In the Myth of Sisyphus by Albert Camus, “The gods had condemned Sisyphus to ceaselessly rolling a rock to the top of a mountain, whence the stone would fall back of its own weight. They had thought with some reason that there is no more dreadful punishment than futile and hopeless labor.”
Many times I have thought of myself in this way. This is my punishment for the sin of the joys of the earth. Sins innocently committed without knowledge of looming punishment. It’s never ending, back breaking, defeating, impossible. And most certainly an “unspeakable penalty in which the whole being is exerted toward accomplishing nothing, a torment of which I will never know the end.”
Camus explains that the torment of Sisyphus only exists as tragedy due to the moments when he becomes conscious of his punishment. “Where would his torture be, indeed, if at every step the hope of succeeding upheld him?”
Like Sisyphus, I am well aware of my “wretched condition.” However, knowing that this is meant to be my torture, I can, like Sisyphus, see this monumental task as my victory. Laughing at the condemners by a change in consciousness. “The lucidity that was to constitute his torture at the same time crowns his victory. There is no fate that cannot be surmounted by scorn.”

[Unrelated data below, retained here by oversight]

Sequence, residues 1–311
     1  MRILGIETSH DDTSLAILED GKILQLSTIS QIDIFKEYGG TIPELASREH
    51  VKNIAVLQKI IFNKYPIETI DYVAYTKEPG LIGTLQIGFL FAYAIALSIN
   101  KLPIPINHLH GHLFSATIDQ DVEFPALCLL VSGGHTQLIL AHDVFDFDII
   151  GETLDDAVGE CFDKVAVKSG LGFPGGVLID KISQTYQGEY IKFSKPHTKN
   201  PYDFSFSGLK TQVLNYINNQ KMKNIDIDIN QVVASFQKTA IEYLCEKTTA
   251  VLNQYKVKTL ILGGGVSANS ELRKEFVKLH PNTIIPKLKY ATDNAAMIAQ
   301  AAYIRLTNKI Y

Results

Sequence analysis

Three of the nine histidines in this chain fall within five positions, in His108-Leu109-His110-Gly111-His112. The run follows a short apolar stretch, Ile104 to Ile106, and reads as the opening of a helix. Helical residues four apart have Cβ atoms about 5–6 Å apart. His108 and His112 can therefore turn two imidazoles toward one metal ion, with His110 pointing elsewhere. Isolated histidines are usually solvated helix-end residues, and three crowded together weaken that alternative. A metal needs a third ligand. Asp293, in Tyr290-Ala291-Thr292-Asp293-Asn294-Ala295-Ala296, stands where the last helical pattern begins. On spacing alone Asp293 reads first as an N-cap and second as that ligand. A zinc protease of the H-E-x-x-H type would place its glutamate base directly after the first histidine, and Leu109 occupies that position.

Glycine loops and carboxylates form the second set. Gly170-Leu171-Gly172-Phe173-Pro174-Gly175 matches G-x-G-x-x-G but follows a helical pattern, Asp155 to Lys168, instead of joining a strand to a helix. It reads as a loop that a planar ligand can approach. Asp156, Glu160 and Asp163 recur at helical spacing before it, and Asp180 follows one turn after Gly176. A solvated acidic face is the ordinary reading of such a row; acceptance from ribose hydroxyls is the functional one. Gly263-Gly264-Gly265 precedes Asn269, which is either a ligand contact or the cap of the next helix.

I have been given the gift of consciousness. A wicked and two-faced gift to possess. It screams out that my condition consists only as torment, a stone too heavy to bear. This gift only whispers words of blessings. I must be listening carefully, astute, or the whispered words will be lost to the breeze. The stone I must bear relentlessly is the task of hearing and seeing the blessings afforded me by those burdens. I must remember, “There is no sun without shadow.”
I will always know my burdens. Every pebble that is sewn into my essence, every demon that I carry, every weight within my soul, come together to form my world, my stone. Every moment of every day I struggle to climb that mountain, and as I ascend, I gather blessings to fill my heart, my eyes fixed on the crest.
I have made it to the top many times, only to watch my world, my existence, pause briefly, and in a blink, disappear to the bottom of the mountain. I stand hopelessly, as my entirety falls further and further away. The view from the top is grand. I let it fill me. A sigh of failure and defeat. A breath of determination and strength. I gather as much as I can, forcing it into the empty spaces of my being, then silently turn back down the mountain to start again.
“I leave Sisyphus at the foot of the mountain! One always finds one’s burden again. But Sisyphus teaches the higher fidelity that negates the gods and raises rocks. He too concludes that all is well. This universe henceforth without a master seems to him neither sterile nor futile. Each atom of that stone, each mineral flake of that night filled mountain, in itself forms a world. The struggle itself toward the heights is enough to fill a man’s heart. One must imagine Sisyphus happy.”
(All quotes are from The Myth of Sisyphus by Albert Camus)